No wonder nobody ever wants to take the trash out. Come to think of it, when I was a teen I took the bag out to the curb for my mom. I felt it brush against my knee and then something pouring onto my calf. I looked down expecting some yucky mess and my leg was covered with blood. Turns out a tin can lid had sliced that big muscle just outside the knee wide open. Got a great scar outta that one.
That’s just an awesome line. I’ll have to remember it.
My wife seems to be the one with the best accidents. As a kid she sprained an ankle when her family got a trampoline; she stepped in a hole in the back yard while walking to it. Just a few weeks ago she had a fun time with the grill. It made one of those huge fireballs right after she lit it and got a bit singed. It was a good thing she hadn’t put more stuff in her hair or she would have pulled an MJ Pepsi commercial.
I think the worst injury I’ve had recently was at the hands of my son. I got smacked in the face hard enough that my head went back into the wall and I was stunned for a few seconds and saw stars.
Did I mention that he doesn’t turn 2 for another 6 months? I’ve hoping for a future NFL All Star, but he might have a career in boxing.
I just wanted to add this comic blast from the past. Remember folks, gravity isn’t just a good idea, it’s a law.
When I was eleven or twelve, I was walking by myself through a meadow (tall grass) at summer camp when SURPRISE I stepped on a rake.
I wasn’t badly injured, but there’s nothing dignified about having a cartoon come to life and hurt your nose.
I was always an analytical child, interested in exactly how the world works.
That is why, as a young child I was interested in whether the old “stand-on-a-rake-head” trick was actually possible.
My five year old mind concluded, yes, it will flip up and hit you in the face and moreover your eyes really do go black a-la Wylie Coyotee.
snap! Kyla, but at least you didn’t do it on purpose!
It works with a hoe as well. Bonus points for walking backwards onto it, having it whack you upside the head and whirling around in an attempt to see who it was that just hit you.
I’d just moved in to my friend’s house and was looking for my cookbook that I’d packed with my other books. My roommate, being somewhat… anal?.. had already taken all my boxes of books and thrown them up into the attic. The attic was accessible only from a little opening in her garage.
Now, roommate is over 5’10". I am 5’3" and change on a good day. I have to pull out a ladder to try to even reach the little opening to climb up into the attic.
Get to the top of the ladder and can only barely reach up into the opening. Perch myself precariously on the top of the ladder, hoist myself up into the attic.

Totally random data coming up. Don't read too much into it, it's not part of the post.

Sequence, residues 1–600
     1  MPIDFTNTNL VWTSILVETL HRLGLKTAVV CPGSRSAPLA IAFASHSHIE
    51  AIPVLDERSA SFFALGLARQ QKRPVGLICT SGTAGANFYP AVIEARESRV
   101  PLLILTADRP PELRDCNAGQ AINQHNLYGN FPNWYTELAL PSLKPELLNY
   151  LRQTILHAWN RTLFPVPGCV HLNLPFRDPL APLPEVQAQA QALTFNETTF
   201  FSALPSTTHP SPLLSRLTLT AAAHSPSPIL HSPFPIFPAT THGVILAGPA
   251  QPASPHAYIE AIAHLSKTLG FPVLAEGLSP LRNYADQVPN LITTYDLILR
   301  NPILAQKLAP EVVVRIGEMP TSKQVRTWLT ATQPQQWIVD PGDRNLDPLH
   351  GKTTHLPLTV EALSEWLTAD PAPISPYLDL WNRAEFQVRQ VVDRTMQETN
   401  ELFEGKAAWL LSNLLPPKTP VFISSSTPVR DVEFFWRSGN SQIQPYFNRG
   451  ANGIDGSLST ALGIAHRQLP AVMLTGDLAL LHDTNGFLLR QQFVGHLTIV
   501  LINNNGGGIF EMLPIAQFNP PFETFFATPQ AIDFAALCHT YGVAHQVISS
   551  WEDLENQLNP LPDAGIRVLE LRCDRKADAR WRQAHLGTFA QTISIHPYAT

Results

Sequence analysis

Start to look for my boxes amongst all the stuff up there. Now, keep in mind a few things. There were boxes sitting everywhere, some on the rafters, some on the “floor” (for lack of a better word). I was utterly unfamiliar with how attics were built in a modern house (ala the 80’s). The only attics I’d ever been in were in houses built in the early 20th century. Attics that people were expected to walk around in.
So. I find the box where I’d put my cookbook. I’m standing on the floor, because why wouldn’t you? There’s boxes sitting on the floor, plus it’s the floor.
I’m sorting through this box trying to find my cookbook, and I feel and hear the creaking cracking of drywall snapping. Look down, and the floor is starting to split from a few feet away in front of me, rapidly advancing to a spot right between my feet.
Well, fuck. I guess if I’m coming through the ceiling of the garage, it’s better to relax so I don’t really get hurt.
Whoosh! Down I go through the floor. Do try to scramble to catch something, anything on my way down. Nope. Straight through the floor, manage to stick the landing. Throw up my arms in the air like Nadia Comenci. Whoot! Perfect ten!
Took a look around and notice I manage to avoid everything that could’ve really hurt me, like landing on a rake, or the ladder, or the tool cabinet…
Gapping whole in my roommate’s ceiling of her garage. Sigh. Guess I’ll go have a beer.
(Ended up with the entire underside of my right arm turning into a big, black, angry bruise. From trying to catch something, anything, on my way down.)
Oh, yeah. Cookbook was in the pantry in the kitchen.
rotflmaowtimy!! seriously. at work. my cubemates think i’ve lost my mind (little do they know…)
mine own contribution; not nearly so funny but about as knuckleheadedly-stupid as you can get.
the queen broke The Cardinal Rule of Those Who Live Alone: never ever, ever, ever [did i mention ever?] leave something on the stairs that you could trip or fall over.